The tool holder further comprises an elongated cylindrical insert having a throughbore or collet pocket. The insert has an outer diameter slightly larger than the inside diameter of the body cylindrical bore so that the insert is insertable into the body cylindrical bore only when the body is heated to a predetermined elevated temperature. At that elevated temperature, e.g. 1000° F., the body thermally expands to an extent such that the inside diameter of the body bore is greater than the outer diameter of the insert. With the body thermally expanded, the insert is inserted into the body bore so that, upon cooling of the body, the body and insert are rigidly and concentrically secured together.
A free end of the body includes external threads which threadably cooperate with an internally threaded collet. The shank of the tool is then inserted through the collet and into the insert throughbore so that, upon subsequent tightening of the collet onto the insert, the collet rigidly and coaxially secures the tool holder shank to the insert and thus to the tool holder body. The collet may be either of the previously known collapsible type, or a precision single slot collet.
In order to provide positive locking of the tool shank to the insert against relative rotation and thus minimize the chance of tool spin out, the inner end of the tool shank includes a noncircular portion, typically two diametrically opposed flats. These flats are received within a recess of a boss which is longitudinally slidably mounted within the insert throughbore. The outer periphery of the boss is noncircular, and preferably square, and longitudinally slides within a like shaped channel formed at the inner end of the insert throughbore. Thus, although the boss is longitudinally slidably mounted within the insert throughbore, rotation of the boss, and thus the tool holder shank, relative to the insert is precluded.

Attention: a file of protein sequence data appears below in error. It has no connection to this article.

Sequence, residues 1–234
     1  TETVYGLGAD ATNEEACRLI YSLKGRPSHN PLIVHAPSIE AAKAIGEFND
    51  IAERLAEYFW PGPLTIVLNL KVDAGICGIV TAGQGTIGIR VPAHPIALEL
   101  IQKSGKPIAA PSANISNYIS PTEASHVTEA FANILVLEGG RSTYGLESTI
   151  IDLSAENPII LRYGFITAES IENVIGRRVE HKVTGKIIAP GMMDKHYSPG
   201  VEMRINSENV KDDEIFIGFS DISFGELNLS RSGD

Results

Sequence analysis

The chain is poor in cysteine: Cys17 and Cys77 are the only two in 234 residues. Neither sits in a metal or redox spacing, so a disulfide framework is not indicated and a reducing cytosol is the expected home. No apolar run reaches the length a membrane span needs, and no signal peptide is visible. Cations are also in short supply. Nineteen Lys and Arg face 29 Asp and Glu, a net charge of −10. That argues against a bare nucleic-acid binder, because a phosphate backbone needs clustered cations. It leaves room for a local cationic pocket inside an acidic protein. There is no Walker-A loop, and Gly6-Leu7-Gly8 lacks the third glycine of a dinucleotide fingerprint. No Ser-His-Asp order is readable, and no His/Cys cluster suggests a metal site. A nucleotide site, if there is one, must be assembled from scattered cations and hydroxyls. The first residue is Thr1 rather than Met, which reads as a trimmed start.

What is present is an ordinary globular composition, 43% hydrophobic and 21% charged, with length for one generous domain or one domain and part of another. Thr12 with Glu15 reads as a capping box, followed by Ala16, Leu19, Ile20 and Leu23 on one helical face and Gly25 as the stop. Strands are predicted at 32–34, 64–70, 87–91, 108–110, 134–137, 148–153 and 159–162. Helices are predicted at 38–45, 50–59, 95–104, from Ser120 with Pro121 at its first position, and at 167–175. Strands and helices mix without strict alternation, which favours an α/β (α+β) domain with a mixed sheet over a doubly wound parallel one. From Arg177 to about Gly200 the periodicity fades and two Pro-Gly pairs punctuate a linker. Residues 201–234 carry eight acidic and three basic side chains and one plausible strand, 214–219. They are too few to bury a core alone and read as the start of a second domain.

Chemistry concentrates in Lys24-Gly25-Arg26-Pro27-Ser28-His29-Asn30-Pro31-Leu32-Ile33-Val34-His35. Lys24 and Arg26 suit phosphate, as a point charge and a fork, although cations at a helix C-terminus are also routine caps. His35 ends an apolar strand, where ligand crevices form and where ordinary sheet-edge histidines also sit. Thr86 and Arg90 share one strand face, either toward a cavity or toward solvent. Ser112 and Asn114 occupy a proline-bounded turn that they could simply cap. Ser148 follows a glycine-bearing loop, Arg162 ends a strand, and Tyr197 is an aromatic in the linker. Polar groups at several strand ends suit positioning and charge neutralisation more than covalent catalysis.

In order to adjust the position of the boss within the insert throughbore, and thus adjust the extent of extension of the cutting tool from the insert, the insert channel, i.e. the portion of the insert in which the boss is axially slidable, is internally threaded. The threaded fastener is then threadably mounted to the insert channel. The threaded fastener is secured to the boss so that the fastener and boss are secured against axial displacement relative to each other, but can rotate relative to each other. Consequently, rotation of the fastener within the insert channel axially adjusts the position of the boss within the channel and thus the longitudinal position of the tool relative to the insert. Axial adjustment of about a minimum of one inch of the boss, and thus of the tool, is achieved.
As will become hereinafter more clearly apparent, the tool holder of the present invention enjoys all of the advantages of the previously known tool holders which utilize collets to secure the tool shank to the tool holder. Additionally, however, the tool holder of the present invention enjoys adjustability of the extension of the cutting tool from the insert as well as modularity, i.e. the inserts and bodies of the tool holder may be maintained as stock items. Furthermore, in the event of damage to the insert by excessive torque, the insert may be freely removed from the body by simply reheating the body, removing the damaged insert, and inserting a new insert. Replacement of the insert, of course, is much less expensive than replacement of the entire tool holder body.
The use of inserts also allows length extension to be incorporated in the insert while maintaining the tool holder body in standard lengths.
A better understanding of the present invention will be had upon reference to the following detailed description, when read in conjunction with the accompanying drawing, wherein like reference characters refer to like parts throughout the several views, and in which:
FIG. 1 is an exploded view illustrating a preferred embodiment of the present invention;
FIG. 2 is a longitudinal sectional view illustrating the preferred embodiment of the present invention; and
FIG. 3 is a cross-sectional view taken substantially along line 3—3 in FIG. 2.
With reference first to FIGS. 1 and 2, a preferred embodiment of the tool holder 10 of the present invention is there shown and includes a main body 12. The body 12 may be of any standard configuration, such as an HSK tool holder configuration, and is adapted to be rotatably driven by a spindle (not shown) along a predetermined axis 14 of rotation. An inner end 16 of the body 12 is adapted for attachment to the spindle while a cylindrical bore 18 is coaxially formed in an outer end 20 of the body 12. The cylindrical bore 18, furthermore, is of a predetermined diameter.
Still referring to FIGS. 1 and 2, the tool holder 10 further includes a tubular and cylindrical insert 22 having a throughbore 24. The insert 22 includes an enlarged diameter portion 26 at its outer end 28 and this enlarged diameter portion 26 includes external threads 30 for a reason to be subsequently described. Additionally, the throughbore 24 includes an outwardly flared conical portion 32 open to its outer end 28 as best shown in FIG. 2.